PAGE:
Norwich Cathedral’s Dippy and the Genesis deluge
Following the news last month that well over 100,000 people have been to visit “Dippy” the Diplodocus at Norwich Cathedral, Matthew Pickhaver explains why he believes that Dippy helps to throw light on the biblical story of the great flood.
Since Dippy the Dinosaur arrived at Norwich Cathedral some interesting articles have been written – or talks given – in response, mostly from a similar perspective. But alongside the ‘Diplodocus in the nave’ I believe there is also an ‘elephant in the room’! This is the iconic skeleton’s obvious connection to a large-scale flood event such as that described in Genesis.
Earlier this year, in anticipation of Dippy’s visit, I made a five-minute video called ‘Dippy and the Deluge’. It begins with some background about the skeleton and its discovery: it’s both a plaster cast copy and a composite – the original consisting of the bones of at least six individuals dug out of the Morrison Formation in the western US, pictured right.
I then describe features of this sedimentary rock layer that are consistent with rapid burial by a watery catastrophe, including:
• Concentrated fossil bone beds with animal remains highly fragmented and jumbled.
• Dinosaurs alongside invertebrates, fish, amphibians, smaller reptiles and mammals.
• Bones sorted by size.
• Signs of tissue still attached to bones.
• A large number of other sauropods besides Diplodocus, without evidence of the substantial vegetation required to support such a population in one location.
• Material from volcanic eruptions, a long way from any trace of volcanoes.
• Evidence of mudflows caused by volcanic eruptions and water.
To see these features illustrated, you can watch the video at this link.
Besides such mass burials, there are many other ways in which dinosaur discoveries in general help to reinforce an historical reading of Genesis:
• When first appearing in the fossil record in the upper Triassic, dinosaurs are already specialised into about twenty diverse but distinct groups, and widely distributed across separate continents. Lacking transitional forms, this record fits the rapid successive burial of ecosystems by a global flood better than slow burial over long ages.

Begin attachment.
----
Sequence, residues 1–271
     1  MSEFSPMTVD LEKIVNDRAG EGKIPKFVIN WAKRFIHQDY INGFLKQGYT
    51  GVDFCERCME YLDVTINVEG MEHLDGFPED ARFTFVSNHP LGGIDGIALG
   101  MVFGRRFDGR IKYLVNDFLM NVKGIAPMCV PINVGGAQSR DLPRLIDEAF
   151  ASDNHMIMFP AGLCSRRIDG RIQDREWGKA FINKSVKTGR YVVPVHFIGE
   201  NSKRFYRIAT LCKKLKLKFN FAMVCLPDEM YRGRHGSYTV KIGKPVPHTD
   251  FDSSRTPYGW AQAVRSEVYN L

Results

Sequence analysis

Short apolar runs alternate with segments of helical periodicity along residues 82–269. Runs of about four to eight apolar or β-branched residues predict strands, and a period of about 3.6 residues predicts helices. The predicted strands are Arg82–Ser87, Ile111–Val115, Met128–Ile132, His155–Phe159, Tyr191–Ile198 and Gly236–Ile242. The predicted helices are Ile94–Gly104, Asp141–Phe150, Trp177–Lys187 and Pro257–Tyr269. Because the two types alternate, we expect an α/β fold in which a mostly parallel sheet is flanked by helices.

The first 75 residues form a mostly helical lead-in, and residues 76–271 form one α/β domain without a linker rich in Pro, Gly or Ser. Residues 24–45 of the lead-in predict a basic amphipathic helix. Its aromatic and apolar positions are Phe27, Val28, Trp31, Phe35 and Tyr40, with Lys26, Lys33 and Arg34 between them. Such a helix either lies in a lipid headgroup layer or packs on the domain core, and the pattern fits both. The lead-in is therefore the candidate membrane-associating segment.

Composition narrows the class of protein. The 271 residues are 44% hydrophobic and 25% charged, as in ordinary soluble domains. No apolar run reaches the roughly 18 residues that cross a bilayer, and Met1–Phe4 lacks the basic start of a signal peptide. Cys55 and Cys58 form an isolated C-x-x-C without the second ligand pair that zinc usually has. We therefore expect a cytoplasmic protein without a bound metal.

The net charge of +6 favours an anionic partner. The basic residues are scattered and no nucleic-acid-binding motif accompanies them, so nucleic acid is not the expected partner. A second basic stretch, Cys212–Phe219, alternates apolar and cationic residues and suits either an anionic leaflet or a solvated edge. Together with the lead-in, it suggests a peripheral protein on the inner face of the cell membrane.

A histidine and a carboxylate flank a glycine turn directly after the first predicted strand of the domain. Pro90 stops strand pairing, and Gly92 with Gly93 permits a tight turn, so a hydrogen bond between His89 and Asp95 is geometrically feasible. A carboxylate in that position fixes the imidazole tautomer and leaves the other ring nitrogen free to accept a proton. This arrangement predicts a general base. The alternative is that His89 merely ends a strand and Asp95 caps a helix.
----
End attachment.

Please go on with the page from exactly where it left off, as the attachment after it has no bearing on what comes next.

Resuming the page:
• Increasingly, soft tissue such as muscle fibres and proteins are being extracted from dinosaur fossils or actual non-fossilized bones. It is difficult to see how such tissues could survive for millions of years so this is a challenge to conventional dating.
• Many dinosaurs are preserved with their heads thrown back and tails arched – a position that indicates that drowning was the cause of death. Others have been preserved while fighting each other or sitting on nests of eggs, again suggesting very rapid burial in water.
• Job 40:15-24 is thought by some scholars to describe a sauropod or at least some sort of dinosaur. And cultural dragon myths found all over the world have been cited as evidence that mankind and dinosaurs did at some point exist together.
As for the question of dinosaur extinction, the radical climate change that would have occurred after a global flood provides an alternative hypothesis for their demise: the gymnosperm plant communities that herbivorous species had previously thrived on greatly decreased in quantity and variety, which in turn impacted higher up the food chain too.
Dippy’s visit then is a Gospel opportunity – in fact, I like to think of dinosaurs as ‘evangelizards’! Rather than icons of molecules-to-man evolution, as reminders of the Flood they point us to the reality and necessity of a Holy God’s judgement of sin. Yet as well as reshaping the physical world, the Flood also ushered in the era of grace we are still living in, which has at its centre the cross of Christ.
Jesus certainly taught that the Flood was historical (e.g., Luke 17:26-27) and calls us to repent and trust him if we’re to be part of the New Creation he will usher in at his equally real return.
The Dippy exhibition continues at Norwich Cathedral until October 30.
The top picture shows the original Dippy skeleton in the Carnegie Museum of Natural History in Pittsburgh, Pennsylvania, and is courtesy of Matthew Pickaver. The other two pictures, of the Dinosaur National Monument visitor centre in Utah, located on Morrison Formation outcrops where Dippy's bones were excavated, and the Natural History Museum model of a Diplodocus model, are courtesy of Paul Garner.
Read our most recent story on Network Norfolk about Dippy here.
Matthew Pickhaver BSc(Hons), PGCE, works for Biblical Creation Trust, which you can find on Facebook, YouTube, Twitter and at www.biblicalcreationtrust.org
The views carried here are those of the author, not of Network Norwich and Norfolk, and are intended to stimulate constructive debate between website users.